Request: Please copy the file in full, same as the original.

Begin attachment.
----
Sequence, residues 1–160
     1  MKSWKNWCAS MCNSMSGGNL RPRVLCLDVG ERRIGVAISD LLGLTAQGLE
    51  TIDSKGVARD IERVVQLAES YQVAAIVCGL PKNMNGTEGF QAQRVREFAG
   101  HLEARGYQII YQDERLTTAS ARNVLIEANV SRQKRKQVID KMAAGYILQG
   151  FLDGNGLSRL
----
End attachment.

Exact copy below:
Sequence, residues 1–160
     1  MKSWKNWCAS MCNSMSGGNL RPRVLCLDVG ERRIGVAISD LLGLTAQGLE
    51  TIDSKGVARD IERVVQLAES YQVAAIVCGL PKNMNGTEGF QAQRVREFAG
   101  HLEARGYQII YQDERLTTAS ARNVLIEANV SRQKRKQVID KMAAGYILQG
   151  FLDGNGLSRL